North Cowichan could learn from Metro Vancouver’s no-logging policy in its watersheds

While North Cowichan debates whether or how much it should log within the 5,000-hectare Municipal Forest Reserve, it could learn some lessons from Metro Vancouver’s management of its own North Shore watersheds.

 

Metro Vancouver has had a no-logging policy in its watersheds since 1994, the result of a public backlash against timber harvesting — and the forests have not burned to the ground since then.

 

“A good, fateful group of people were very persistent in wanting logging stopped, and the politicians agreed with that,” confirms Mike Mayers,  division manager of watershed operations and protection for Metro Vancouver.

 

Has that decision increased the fire risk? “I don’t think so. The current ecosystem is pretty healthy. Hopefully, things will eventually return to that old-growth balance.”

 

Mayers said in an interview that Metro Vancouver is looking at the potential impact of climate change on its forests, and how certain species may be affected more than others. The region has also done limited amounts of fuel reduction along some urban interfaces such as West Vancouver and Coquitlam. “Where we have boundaries with residential homes, we’ve done a little bit of thinning and reducing ladder fuels on the trees,” he said, noting the urban interface is where human-caused fires are most likely to occur.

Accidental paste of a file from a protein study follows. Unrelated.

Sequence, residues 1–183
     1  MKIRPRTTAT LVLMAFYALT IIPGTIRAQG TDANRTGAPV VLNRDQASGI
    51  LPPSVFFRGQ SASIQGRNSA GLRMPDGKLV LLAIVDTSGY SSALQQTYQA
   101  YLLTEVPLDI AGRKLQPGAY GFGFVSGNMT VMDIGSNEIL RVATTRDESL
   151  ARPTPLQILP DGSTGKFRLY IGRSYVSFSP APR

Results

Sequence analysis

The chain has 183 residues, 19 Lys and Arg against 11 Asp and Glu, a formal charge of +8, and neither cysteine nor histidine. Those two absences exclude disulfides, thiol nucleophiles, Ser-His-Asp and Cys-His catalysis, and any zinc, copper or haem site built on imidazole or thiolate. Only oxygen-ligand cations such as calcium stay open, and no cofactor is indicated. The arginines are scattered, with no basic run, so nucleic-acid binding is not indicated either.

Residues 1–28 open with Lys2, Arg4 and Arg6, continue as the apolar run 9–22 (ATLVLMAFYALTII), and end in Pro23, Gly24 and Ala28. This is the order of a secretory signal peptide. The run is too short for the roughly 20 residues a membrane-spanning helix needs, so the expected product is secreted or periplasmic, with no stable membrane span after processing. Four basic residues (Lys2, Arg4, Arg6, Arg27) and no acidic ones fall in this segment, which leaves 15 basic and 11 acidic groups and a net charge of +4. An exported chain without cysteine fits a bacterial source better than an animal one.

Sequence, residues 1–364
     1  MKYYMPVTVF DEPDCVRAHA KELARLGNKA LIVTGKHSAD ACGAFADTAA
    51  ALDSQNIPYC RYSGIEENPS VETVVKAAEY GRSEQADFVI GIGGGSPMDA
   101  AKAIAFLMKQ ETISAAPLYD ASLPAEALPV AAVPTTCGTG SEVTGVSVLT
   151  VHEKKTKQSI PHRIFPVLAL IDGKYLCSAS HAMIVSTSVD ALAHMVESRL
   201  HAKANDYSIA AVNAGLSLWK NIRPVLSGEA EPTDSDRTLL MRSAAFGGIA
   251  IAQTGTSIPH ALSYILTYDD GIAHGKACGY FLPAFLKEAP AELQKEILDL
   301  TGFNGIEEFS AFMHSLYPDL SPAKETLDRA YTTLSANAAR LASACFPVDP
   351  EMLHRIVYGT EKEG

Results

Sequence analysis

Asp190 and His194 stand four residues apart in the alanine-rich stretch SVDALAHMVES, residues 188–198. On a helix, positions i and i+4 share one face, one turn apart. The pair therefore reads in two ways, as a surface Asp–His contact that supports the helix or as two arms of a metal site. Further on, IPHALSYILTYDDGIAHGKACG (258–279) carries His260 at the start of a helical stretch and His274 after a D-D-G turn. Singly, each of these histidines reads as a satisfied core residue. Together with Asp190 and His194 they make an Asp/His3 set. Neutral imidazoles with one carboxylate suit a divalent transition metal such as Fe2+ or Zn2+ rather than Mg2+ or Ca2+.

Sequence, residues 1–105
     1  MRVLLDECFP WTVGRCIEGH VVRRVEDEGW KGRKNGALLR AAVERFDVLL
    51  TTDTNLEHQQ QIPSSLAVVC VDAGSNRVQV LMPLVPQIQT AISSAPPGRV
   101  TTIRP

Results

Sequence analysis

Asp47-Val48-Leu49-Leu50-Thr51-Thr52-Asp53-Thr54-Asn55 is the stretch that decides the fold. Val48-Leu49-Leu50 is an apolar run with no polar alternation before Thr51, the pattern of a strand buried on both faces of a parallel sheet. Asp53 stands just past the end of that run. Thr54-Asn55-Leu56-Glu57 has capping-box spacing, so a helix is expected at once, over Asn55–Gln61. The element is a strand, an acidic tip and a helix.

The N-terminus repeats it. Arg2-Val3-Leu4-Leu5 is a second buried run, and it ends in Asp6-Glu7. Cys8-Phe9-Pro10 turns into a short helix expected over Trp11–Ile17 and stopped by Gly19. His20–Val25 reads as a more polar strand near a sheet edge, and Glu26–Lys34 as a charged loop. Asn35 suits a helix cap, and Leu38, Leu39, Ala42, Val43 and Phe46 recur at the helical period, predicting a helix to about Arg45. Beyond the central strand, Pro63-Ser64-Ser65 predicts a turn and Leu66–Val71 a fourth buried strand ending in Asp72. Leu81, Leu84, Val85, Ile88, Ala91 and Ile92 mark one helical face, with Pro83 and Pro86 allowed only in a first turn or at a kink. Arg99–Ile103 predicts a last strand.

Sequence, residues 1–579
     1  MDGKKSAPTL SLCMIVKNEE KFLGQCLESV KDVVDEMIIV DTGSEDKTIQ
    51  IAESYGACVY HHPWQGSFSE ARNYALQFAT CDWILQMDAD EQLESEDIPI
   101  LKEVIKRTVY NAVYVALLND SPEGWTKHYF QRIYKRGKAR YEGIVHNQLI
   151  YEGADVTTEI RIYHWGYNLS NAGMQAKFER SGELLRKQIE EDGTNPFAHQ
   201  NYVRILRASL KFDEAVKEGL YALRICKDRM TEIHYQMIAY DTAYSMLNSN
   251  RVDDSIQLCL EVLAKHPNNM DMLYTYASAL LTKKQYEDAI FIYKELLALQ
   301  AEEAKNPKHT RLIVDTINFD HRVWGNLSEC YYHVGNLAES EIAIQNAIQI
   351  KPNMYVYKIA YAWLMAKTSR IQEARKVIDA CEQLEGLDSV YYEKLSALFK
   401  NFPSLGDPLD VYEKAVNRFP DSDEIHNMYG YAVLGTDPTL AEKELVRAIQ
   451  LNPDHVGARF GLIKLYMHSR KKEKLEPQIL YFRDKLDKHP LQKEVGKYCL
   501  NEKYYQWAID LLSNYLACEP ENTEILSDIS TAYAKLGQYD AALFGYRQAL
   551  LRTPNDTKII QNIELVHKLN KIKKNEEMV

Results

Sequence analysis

Widespread removal of grounds fuels to reduce fire risk throughout the watersheds would be difficult given the area’s steep and rocky terrain and sometimes thick duff layer, he noted.

 

“Historically, the biggest fires in the watersheds were caused by activity like logging,” he added, noting an especially large fire occurred in 1910. More recently, lightning strikes have been the main fire source in the watersheds. 

 

“We fall back on having very prepared staff — two three-person initial attack crews, a big stash of fire-fighting equipment, over 30 staff trained in fire-fighting, and a memorandum of understanding with the province. We send crews their way when they’re in jeopardy, and they then reciprocate, understanding that the watersheds are extremely important to the residents of the Lower Mainland for their drinking water.

 

“So, we’d have a massive response if we had a fire. Our real goal is to be able to get on any fire report extremely quickly with our crews, and then call in the resources needed very fast.”

 

Metro Vancouver draws its water from a vast area stretching from Cypress Bowl to Coquitlam, including parklands and forested areas off-limits to the public.

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